How to move from m-dot URLs to responsive site

With more sites moving towards responsive web design, many webmasters have questions about migrating from separate mobile URLs, also frequently known as “m-dot URLs”, to using responsive web design. Here are some recommendations on how to move from separate urls to one responsive URL in a way that gives your sites the best chance of performing well on Google’s search results. Moving to responsive sites in a Googlebot-friendly wayOnce you have your responsive site ready, moving is something you can definitely do with just a bit of forethought. Considering your URLs stay the same for desktop version, all you have to do is to configure 301 redirects from the mobile URLs to the responsive web URLs. Here are the detailed steps: Get your responsive site ready Configure 301 redirects on the old mobile URLs to point to the responsive versions (the new pages). These redirects need to be done on a per-URL basis, individually from each mobile URLs to the responsive URLs. Remove any mobile-URL specific configuration your site might have, such as conditional redirects or a vary HTTP header. As a good practice, setup rel=canonical on the responsive URLs pointing to themselves (self-referential canonicals).If you’re currently using dynamic serving and want to move to responsive design, you don’t need to add or change any redirects. Some benefits for moving to responsive web designMoving to a responsive site should make maintenance and reporting much easier for you down the road. Aside from no longer needing to manage separate URLs for all pages, it will also make it much easier to adopt practices and technologies such as hreflang for internationalization, AMP for speed, structured data for advanced search features and more. As always, if you need more help you can ask a question in our webmaster forum. Posted by Cherry Prommawin, Webmaster Relations .blogimg img { width: 100%; border: 0; margin: 0; padding: 10px 0 10px 0; }


Source: google webmaster

Introducing Our New International Webmaster Blogs!

Join us in welcoming the latest additions to the Webmasters community: नमस्ते Webmasters in Hindi! Добро Пожаловать Webmasters in Russian! Hoşgeldiniz Webmasters in Turkish! สวัสดีค่ะ Webmasters in Thai! xin chào Webmasters in Vietnamese! We will be sharing webmaster-related updates in our current and new blogs to make sure you have a place to follow the latest launches, updates and changes in Search in your languages! We will share links to relevant Help resources, educational content and events as they become available. Just a reminder, here are some of the resources that we have available in multiple languages: Google.com/webmasters – documentation, support channels, tools (including a link to Search Console) and learning materials. Help Center – tips and tutorials on using Search Console, answers to frequently asked questions and step-by-step guides. Help forum – ask your questions and get advice from the Webmaster community YouTube Channel – recordings of Hangouts on Air in different languages are on our G+ community – another place we announce and share our Hangouts On Air Testing tools: PageSpeed insights – actionable insights on how to increase your site’s performance Mobile-Friendly test – identify areas where you can improve your site’s performance on Mobile devices Structure Data testing tool – preview and test your Structured Data markupSome other valuable resources (English-only): Developer documentation on Search – a great resource where you can find feature guides, code labs, videos and links to more useful tools for webmasters. If you have webmaster-specific questions, check our event calendar for the next hangout session or live event! Alternatively, you can post your questions to one of the local help forum, where our talented Product Experts from the TC program will try to answer your questions. Our Experts are product enthusiasts who have earned the distinction of “Top Contributor,” or “Rising Star,” by sharing their knowledge on the Google Help Forums. If you have suggestions, please let us know in the comments below. We look forward to working with you in your language! .blogimg img { width: 100%; border: 0; margin: 0; padding: 0 0 10px 0; }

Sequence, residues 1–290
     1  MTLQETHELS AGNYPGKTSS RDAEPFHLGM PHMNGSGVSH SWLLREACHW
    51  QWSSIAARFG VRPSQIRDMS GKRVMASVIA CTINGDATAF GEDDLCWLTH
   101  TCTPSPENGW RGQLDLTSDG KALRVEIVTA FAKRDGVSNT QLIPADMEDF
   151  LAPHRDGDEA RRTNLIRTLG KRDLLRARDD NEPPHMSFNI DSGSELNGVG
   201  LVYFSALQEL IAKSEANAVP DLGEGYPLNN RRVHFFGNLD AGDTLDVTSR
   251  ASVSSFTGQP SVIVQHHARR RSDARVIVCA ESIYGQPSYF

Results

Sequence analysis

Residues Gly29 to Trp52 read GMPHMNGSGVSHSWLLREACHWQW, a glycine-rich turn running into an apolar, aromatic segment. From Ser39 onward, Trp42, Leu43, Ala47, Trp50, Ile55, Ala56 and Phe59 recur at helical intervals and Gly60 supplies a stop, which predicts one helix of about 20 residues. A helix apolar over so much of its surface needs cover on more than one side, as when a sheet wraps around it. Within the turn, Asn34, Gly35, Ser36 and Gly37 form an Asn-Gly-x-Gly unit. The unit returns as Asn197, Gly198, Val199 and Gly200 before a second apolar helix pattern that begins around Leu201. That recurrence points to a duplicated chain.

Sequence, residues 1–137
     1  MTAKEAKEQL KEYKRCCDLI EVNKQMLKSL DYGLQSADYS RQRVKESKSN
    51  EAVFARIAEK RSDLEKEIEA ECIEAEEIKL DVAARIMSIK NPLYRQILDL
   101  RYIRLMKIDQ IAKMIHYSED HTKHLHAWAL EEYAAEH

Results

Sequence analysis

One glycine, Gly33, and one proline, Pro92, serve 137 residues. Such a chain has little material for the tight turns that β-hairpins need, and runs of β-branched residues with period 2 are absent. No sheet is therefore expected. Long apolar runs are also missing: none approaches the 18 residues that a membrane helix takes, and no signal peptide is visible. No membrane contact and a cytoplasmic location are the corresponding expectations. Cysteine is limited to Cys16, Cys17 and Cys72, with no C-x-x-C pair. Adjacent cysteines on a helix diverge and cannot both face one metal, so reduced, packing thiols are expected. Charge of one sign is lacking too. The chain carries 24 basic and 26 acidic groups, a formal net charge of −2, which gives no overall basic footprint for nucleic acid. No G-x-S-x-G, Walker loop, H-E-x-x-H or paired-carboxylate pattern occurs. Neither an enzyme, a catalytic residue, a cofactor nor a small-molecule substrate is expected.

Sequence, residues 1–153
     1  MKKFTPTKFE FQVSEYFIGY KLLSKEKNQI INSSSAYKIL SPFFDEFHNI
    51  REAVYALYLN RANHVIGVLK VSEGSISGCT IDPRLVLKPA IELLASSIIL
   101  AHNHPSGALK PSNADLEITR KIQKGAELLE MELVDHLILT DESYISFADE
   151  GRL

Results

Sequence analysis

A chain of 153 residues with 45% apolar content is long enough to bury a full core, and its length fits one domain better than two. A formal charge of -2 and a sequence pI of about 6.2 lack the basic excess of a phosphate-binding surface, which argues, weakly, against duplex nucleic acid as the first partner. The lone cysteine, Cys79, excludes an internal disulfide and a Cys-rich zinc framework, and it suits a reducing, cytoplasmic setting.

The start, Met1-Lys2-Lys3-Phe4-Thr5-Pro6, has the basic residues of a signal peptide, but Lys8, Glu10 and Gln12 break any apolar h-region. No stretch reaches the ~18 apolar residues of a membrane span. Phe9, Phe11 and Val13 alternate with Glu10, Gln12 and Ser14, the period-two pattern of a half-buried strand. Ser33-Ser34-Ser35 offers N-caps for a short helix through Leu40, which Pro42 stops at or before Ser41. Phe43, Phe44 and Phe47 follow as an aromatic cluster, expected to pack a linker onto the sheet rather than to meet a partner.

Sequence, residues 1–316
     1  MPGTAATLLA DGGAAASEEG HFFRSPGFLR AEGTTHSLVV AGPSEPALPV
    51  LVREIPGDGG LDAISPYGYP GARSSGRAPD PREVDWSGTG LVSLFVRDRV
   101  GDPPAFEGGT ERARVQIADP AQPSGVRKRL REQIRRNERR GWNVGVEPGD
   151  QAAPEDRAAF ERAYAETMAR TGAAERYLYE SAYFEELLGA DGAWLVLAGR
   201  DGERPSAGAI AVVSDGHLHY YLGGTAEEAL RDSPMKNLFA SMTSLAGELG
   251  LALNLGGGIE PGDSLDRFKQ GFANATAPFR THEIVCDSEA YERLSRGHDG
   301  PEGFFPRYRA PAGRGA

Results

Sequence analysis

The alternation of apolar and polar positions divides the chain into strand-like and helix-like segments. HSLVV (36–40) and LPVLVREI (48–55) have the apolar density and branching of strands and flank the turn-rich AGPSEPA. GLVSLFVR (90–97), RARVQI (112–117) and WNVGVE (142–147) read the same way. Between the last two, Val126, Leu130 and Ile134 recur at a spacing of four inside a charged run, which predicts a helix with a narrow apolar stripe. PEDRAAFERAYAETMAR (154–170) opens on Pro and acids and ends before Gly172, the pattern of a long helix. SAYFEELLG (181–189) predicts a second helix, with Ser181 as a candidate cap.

Source: google webmaster